Nancy Davis Reagan (b. July 6, 1921, New York City, NY – d. March 6, 2016, Bel Air, CA) was an American film actress, and the wife of the 40th President of the United States, Ronald Reagan. She served as the First Lady of the United States from 1981 to 1989.
As Nancy Davis, she was a Hollywood actress in the 1940s and 1950s. In 1952, she married Ronald Reagan; they had two children together. Reagan was the First Lady of California when her husband was Governor from 1967 to 1975, and she began to work with the Foster Grandparents Program.
Reagan became First Lady of the United States in January 1981. She aimed to restore a Kennedyesque glamour to the White House following years of lax formality, and her interest in high-end fashion garnered much attention as well as criticism. She championed recreational drug prevention causes by founding the "Just Say No" drug awareness campaign, which was considered her major initiative as First Lady. In general she had a strong influence on her husband, and played a role in a few of his personnel and diplomatic decisions.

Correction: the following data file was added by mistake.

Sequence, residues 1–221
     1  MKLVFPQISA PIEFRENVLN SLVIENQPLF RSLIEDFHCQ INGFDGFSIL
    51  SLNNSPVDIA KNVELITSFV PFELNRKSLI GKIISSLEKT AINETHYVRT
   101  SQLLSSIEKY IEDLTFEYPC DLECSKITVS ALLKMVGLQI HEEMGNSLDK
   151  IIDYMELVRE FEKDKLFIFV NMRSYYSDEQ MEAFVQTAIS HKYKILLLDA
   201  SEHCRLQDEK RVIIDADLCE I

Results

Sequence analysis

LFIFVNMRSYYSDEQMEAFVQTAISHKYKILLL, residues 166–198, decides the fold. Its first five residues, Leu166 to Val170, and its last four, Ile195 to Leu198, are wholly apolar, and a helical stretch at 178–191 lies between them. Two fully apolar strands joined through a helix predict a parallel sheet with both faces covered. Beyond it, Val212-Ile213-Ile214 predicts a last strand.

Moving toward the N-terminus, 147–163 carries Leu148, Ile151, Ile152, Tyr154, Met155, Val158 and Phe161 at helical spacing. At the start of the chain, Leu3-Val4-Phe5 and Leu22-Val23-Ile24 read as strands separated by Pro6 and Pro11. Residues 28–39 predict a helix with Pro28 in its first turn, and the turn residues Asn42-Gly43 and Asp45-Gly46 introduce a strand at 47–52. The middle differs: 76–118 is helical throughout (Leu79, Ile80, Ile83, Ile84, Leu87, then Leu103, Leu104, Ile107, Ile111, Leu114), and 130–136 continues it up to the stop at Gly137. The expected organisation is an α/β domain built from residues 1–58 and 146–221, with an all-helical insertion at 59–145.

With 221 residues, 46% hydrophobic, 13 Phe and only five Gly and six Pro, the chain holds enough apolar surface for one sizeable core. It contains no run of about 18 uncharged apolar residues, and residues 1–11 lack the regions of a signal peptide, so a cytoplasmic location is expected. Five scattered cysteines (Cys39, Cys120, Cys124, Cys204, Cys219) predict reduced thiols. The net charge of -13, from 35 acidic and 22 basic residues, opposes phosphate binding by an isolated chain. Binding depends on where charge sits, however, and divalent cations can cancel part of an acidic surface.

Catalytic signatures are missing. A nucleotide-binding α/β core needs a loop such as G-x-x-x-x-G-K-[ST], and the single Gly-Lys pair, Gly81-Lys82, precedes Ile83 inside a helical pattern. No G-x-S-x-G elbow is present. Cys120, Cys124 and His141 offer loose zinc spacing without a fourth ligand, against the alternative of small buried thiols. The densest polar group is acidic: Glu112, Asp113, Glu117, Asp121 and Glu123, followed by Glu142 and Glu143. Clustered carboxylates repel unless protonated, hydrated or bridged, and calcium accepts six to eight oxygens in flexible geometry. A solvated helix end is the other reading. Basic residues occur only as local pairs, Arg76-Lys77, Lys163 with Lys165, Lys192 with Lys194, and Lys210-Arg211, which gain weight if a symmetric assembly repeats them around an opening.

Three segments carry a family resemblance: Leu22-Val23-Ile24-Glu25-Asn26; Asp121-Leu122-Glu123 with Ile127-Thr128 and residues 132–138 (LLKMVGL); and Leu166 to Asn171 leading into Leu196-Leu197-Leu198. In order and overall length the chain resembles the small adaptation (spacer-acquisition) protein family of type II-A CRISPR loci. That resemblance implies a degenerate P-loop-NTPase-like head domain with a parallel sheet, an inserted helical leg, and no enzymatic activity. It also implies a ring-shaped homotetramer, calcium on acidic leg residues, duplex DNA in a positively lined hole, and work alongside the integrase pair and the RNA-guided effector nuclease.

The Reagans retired to their home in Bel Air, Los Angeles, California in 1989. Reagan devoted most of her time to caring for her husband, who was diagnosed with Alzheimer's disease in 1994, until his death at the age of 93 on June 5, 2004. Reagan remained active within the Reagan Library and in politics, particularly in support of embryonic stem cell research, until her death on March 6, 2016.